Mr. O'Hegarty then stated that it was understood that a discussion of the position of the Reserved Forts involved consideration of Article VII as well as Article VI of the Treaty, but went on to explain that to really consider the question of Coast Defence, it was necessary to consider the two Articles together and the question of Coast Defence could not be considered in full without considering the relation of the Forts at Cobh, Berehaven and Lough Swilly to it.

   Mr. O'Hegarty also explained in answer to Rear Admiral Pound's suggestions as to a Coast Watching Service that a Customs Watching and a Coast Life Saving Service already existed.

   Pound then replied to the first portion of Mr. O'Hegarty's statement by stating that his instructions not only did not empower him to discuss this question, but actually prohibited him dealing with it.

VII.    Further discussion then took place between Mr. O'Hegarty and Rear Admiral Pound and during it Pound made it quite plain in answer to a proposal by Mr. O'Hegarty that he would not even discuss the technical and financial details of the taking over by the Saorstát of the existing Forts on the understanding that such a discussion did not prejudice the consideration of the larger questions of whether the taking over of these Forts was one of the matters that might be discussed at the real Conference when it met. He stated that he would, of course, explain the position created by Mr. O'Hegarty's proposals to his superiors and await their instructions.

VIII. In the course of the discussion of our proposals to take over the Forts, Pound explained that the British Government had, of course, assessed scales of possible attack for the Dominions, and would be pleased to do the same for us. He further explained that this was very necessary, otherwise defences considerably in excess of what was needed might be provided at some points and possibly insufficient defences at other points. He again explained that the Admiralty Scheme was one dealing with approaches to Dublin Harbour and the route from it to Rosslare or an alternative and more ambitious one embracing the route from Dublin to Cork, and went on to state that Anti-submarine and mine-sweeping work were not inter-related. He also further stressed the highly technical aspect and other difficulties of the anti-submarine work and stated that to train a service for such duties a submarine would be necessary.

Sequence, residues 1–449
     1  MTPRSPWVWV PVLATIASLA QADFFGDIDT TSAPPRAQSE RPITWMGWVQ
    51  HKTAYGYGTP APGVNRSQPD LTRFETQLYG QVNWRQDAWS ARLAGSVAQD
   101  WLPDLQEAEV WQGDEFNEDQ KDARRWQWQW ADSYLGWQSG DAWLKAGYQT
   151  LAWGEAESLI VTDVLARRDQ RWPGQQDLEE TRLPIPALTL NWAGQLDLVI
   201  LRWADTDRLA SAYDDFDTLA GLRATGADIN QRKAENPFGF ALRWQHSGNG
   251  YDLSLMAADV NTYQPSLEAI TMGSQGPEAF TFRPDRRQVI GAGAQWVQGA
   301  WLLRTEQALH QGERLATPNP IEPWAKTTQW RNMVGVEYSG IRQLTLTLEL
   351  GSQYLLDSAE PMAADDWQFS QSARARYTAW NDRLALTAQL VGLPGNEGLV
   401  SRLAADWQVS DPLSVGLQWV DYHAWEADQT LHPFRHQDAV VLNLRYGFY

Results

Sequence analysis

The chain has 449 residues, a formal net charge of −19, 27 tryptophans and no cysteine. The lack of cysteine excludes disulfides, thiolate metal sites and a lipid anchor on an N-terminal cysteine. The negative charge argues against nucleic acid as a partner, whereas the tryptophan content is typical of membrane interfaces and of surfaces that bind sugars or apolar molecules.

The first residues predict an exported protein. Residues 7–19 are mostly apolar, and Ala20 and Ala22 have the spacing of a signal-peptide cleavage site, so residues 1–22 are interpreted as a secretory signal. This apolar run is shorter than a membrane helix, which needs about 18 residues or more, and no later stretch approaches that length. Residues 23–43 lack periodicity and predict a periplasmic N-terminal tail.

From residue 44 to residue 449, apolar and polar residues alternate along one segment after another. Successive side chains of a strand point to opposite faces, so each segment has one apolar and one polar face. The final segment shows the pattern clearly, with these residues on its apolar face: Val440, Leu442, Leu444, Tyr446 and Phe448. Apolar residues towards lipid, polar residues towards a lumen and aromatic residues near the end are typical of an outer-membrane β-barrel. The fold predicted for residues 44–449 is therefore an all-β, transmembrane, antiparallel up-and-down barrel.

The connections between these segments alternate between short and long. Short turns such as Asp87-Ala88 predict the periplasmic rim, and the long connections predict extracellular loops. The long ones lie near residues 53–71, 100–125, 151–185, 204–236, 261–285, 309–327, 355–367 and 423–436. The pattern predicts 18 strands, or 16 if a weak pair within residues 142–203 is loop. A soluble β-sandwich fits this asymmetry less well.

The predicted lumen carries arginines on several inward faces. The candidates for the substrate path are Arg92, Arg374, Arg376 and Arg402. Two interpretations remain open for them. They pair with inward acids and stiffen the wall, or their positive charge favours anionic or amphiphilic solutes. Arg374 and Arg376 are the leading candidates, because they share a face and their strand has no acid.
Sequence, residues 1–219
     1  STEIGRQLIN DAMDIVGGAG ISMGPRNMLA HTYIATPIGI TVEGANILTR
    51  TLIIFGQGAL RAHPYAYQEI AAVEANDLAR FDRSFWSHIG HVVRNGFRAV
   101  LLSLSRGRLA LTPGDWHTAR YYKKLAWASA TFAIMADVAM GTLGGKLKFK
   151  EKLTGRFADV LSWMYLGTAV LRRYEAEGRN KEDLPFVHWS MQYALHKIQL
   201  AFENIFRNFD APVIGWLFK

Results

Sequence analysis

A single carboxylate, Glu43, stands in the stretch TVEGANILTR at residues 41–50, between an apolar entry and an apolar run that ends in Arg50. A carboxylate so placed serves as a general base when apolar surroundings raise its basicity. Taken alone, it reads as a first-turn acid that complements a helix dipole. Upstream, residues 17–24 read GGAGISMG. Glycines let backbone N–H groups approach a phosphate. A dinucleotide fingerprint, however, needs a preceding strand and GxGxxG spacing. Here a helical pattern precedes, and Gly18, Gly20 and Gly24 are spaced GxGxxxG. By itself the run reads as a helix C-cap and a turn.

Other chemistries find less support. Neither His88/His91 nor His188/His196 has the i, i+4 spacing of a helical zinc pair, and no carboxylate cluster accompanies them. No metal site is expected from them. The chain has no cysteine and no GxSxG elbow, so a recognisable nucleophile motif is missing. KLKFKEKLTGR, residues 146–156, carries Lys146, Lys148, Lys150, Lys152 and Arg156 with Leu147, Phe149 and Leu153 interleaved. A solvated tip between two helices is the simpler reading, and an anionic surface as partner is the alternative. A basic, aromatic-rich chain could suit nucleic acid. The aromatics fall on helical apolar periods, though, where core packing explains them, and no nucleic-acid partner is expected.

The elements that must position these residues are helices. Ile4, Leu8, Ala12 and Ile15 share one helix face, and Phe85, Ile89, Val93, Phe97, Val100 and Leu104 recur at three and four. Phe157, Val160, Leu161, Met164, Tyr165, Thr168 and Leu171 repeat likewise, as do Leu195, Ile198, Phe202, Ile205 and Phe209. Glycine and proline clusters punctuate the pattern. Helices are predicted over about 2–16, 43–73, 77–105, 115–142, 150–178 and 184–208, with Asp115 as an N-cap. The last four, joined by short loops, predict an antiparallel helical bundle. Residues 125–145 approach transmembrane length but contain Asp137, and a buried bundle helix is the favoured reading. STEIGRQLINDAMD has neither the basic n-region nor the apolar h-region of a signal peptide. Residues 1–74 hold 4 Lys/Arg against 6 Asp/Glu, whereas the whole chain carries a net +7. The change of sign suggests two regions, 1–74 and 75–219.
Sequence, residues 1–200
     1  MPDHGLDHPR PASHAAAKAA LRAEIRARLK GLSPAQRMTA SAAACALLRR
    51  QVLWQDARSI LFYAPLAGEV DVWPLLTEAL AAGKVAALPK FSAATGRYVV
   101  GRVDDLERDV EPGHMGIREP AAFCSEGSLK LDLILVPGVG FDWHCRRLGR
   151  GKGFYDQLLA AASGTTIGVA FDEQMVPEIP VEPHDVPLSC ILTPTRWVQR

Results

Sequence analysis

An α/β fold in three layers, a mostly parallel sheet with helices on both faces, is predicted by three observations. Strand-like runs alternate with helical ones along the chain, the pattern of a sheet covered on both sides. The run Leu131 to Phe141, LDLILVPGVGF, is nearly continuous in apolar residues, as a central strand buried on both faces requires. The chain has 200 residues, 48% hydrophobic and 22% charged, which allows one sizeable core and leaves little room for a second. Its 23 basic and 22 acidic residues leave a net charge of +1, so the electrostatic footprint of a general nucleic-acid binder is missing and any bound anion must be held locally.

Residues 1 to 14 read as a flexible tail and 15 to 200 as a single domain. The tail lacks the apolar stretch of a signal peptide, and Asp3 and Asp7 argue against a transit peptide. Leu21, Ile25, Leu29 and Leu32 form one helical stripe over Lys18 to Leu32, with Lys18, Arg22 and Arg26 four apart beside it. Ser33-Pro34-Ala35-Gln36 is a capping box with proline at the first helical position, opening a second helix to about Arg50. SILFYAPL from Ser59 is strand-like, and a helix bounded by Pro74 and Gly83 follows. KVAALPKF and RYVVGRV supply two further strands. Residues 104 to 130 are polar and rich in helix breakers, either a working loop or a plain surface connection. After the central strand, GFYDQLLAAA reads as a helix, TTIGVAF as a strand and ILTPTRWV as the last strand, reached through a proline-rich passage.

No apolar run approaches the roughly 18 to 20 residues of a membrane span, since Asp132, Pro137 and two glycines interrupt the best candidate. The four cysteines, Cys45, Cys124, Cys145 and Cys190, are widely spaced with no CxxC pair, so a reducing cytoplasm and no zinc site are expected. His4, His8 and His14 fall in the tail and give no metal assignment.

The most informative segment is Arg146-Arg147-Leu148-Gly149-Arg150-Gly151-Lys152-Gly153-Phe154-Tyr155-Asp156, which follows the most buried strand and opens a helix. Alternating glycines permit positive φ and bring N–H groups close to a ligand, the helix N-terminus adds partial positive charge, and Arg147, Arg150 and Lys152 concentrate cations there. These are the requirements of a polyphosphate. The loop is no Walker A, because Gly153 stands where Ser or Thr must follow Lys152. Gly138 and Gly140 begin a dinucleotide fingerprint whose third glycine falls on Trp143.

IX.   In the course of further discussion, Mr. O'Hegarty agreed that the details of the Admiralty's proposals might be examined without prejudice to our previous proposal to take over the Forts. Rear Admiral Pound agreed to this proposition, and Mr. O'Hegarty suggested that the examination might be more suitably conducted by a sub-committee of the larger meeting. This proposal was agreed to by Rear Admiral Pound and Mr. O'Hegarty proposed that Colonel O'Higgins and Mr. McElligott (as a Finance representative) would do the examination on behalf of the Saorstát. On Colonel O'Higgins requesting that Comdt. Bryan should also attend the further meeting it was agreed that he could. The proceedings of this sub-committee are embodied in a separate report.1

X.    When the meeting was terminated, Captain Egerton, the director of the Plans division, in the course of conversation described our proposals as something in the nature of a bomb thrown into the meeting, and also went on to state that what we really required was a person with Naval experience attached to the Ministry of Defence as an adviser in Naval matters.

1 Not printed.